Volume 2 Supplement 1

Proceedings of the 2014 Australia and New Zealand Academy for Eating Disorders (ANZAED) Conference: Driven Bodies Driven Brains

Open Access

A parallel journey: developing an eating disorders program; perspectives from an acute medical ward

  • Mary Bronson1Email author,
  • Lisa Miller1, 2,
  • Jan Fountaine1, 2,
  • Charlotte Simmonds1,
  • Christina Bygrave2,
  • Keira James2,
  • Melissa Edwin1,
  • Anthea Fursland3 and
  • Patrick Marwick2
Journal of Eating Disorders20142(Suppl 1):O27

https://doi.org/10.1186/2050-2974-2-S1-O27

Published: 24 November 2014

From February 2012 a multidisciplinary group in a 600 bed tertiary public hospital in Western Australia have worked collaboratively to improve the care of adult patients admitted to an acute medical ward with complications of severe eating disorders

This clinical care journey has gone on to inform a program of staff development and strategic advocacy for a state wide approach to the care of adults with eating disorders.

Via demonstration of parallel journeys of patients, staff and the state wide strategy, the authors have identified areas of unmet need, gaps in resourcing and barriers to improving care from a local context.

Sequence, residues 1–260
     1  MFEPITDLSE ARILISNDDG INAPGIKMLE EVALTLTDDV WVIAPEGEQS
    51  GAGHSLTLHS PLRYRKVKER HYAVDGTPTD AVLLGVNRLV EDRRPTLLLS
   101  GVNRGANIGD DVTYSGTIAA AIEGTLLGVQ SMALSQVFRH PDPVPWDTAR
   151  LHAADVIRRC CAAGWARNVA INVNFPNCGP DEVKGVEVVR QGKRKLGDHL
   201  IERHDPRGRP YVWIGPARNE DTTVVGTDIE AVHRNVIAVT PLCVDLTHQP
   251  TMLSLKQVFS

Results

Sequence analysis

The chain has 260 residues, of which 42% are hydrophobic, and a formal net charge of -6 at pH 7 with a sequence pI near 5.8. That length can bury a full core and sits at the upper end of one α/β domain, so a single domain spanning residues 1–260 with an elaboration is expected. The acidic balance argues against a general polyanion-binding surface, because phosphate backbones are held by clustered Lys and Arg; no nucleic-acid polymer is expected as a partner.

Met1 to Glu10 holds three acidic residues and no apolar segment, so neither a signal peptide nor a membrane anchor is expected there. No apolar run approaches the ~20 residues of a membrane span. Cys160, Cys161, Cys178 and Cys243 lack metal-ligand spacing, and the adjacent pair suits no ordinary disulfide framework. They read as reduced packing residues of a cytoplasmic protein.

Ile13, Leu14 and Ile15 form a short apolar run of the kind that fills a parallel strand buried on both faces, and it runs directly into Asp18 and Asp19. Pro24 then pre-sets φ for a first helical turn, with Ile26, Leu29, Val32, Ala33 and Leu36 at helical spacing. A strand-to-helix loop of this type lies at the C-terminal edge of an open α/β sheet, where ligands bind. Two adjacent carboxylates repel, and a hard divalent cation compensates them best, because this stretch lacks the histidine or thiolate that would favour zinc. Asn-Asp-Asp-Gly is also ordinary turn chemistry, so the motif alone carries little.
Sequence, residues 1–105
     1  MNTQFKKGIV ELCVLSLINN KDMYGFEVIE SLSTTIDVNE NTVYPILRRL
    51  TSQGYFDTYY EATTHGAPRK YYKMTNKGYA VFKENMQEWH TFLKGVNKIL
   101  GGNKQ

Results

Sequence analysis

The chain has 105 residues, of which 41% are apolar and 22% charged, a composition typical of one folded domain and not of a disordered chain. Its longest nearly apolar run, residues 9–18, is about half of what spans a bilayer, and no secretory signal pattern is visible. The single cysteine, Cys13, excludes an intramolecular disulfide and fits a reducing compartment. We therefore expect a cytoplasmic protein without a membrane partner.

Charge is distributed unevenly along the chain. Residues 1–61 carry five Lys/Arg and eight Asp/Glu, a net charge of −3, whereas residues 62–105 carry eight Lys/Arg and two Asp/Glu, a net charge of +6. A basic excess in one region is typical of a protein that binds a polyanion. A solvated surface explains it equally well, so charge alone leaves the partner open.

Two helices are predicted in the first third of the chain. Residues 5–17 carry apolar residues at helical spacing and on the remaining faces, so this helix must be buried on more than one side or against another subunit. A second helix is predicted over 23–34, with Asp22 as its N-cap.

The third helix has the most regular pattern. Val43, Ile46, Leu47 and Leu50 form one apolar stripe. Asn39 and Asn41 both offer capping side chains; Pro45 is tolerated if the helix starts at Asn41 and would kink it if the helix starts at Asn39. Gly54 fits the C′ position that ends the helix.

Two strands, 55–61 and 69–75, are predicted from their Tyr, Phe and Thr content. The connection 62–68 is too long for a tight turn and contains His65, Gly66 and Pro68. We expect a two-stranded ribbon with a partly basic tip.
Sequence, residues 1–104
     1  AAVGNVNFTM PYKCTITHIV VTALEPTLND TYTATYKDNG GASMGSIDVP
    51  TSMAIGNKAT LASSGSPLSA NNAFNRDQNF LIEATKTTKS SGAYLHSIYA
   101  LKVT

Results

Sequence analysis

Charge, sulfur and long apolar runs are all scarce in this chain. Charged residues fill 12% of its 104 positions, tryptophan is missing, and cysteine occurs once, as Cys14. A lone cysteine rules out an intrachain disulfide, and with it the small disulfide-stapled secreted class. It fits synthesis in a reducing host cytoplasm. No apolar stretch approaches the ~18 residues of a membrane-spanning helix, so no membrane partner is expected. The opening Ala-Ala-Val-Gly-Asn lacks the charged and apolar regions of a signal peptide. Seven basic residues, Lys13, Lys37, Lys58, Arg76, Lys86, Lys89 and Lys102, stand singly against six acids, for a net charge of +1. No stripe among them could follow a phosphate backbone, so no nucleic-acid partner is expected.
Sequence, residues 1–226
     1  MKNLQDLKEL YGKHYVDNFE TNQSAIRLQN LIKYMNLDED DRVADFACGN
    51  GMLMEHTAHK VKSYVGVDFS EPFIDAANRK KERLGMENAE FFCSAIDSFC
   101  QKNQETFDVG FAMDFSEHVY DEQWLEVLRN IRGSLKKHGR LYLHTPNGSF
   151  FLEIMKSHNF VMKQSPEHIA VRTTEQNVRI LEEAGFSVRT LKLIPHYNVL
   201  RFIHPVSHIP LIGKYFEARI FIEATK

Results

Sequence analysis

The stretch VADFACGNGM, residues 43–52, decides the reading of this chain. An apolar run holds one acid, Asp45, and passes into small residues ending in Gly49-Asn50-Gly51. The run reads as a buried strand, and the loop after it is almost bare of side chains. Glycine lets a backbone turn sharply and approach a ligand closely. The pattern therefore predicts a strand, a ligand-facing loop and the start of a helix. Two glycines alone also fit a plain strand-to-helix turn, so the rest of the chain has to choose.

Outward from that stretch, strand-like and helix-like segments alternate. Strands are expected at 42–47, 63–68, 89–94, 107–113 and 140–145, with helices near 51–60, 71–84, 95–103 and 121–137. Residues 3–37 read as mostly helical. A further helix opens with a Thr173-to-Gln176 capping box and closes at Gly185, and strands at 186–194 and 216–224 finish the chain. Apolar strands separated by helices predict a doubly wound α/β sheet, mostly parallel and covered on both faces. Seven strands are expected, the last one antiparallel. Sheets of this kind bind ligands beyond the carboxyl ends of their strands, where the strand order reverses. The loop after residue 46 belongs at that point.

This multidisciplinary collaborative process has now informed a business case for a comprehensive specialist eating disorders service for youths and adults in Western Australia's public health service.

This abstract was presented in the Service Initiatives stream of the 2014 ANZAED Conference.

Authors’ Affiliations

(1)
Sir Charles Gairdner Hospital
(2)
North Metro Area Mental Health Service
(3)
Centre for Clinical Intervention

Copyright

© Bronson et al; licensee BioMed Central Ltd. 2014

This article is published under license to BioMed Central Ltd. This is an Open Access article distributed under the terms of the Creative Commons Attribution License (http://creativecommons.org/licenses/by/4.0), which permits unrestricted use, distribution, and reproduction in any medium, provided the original work is properly cited. The Creative Commons Public Domain Dedication waiver (http://creativecommons.org/publicdomain/zero/1.0/) applies to the data made available in this article, unless otherwise stated.

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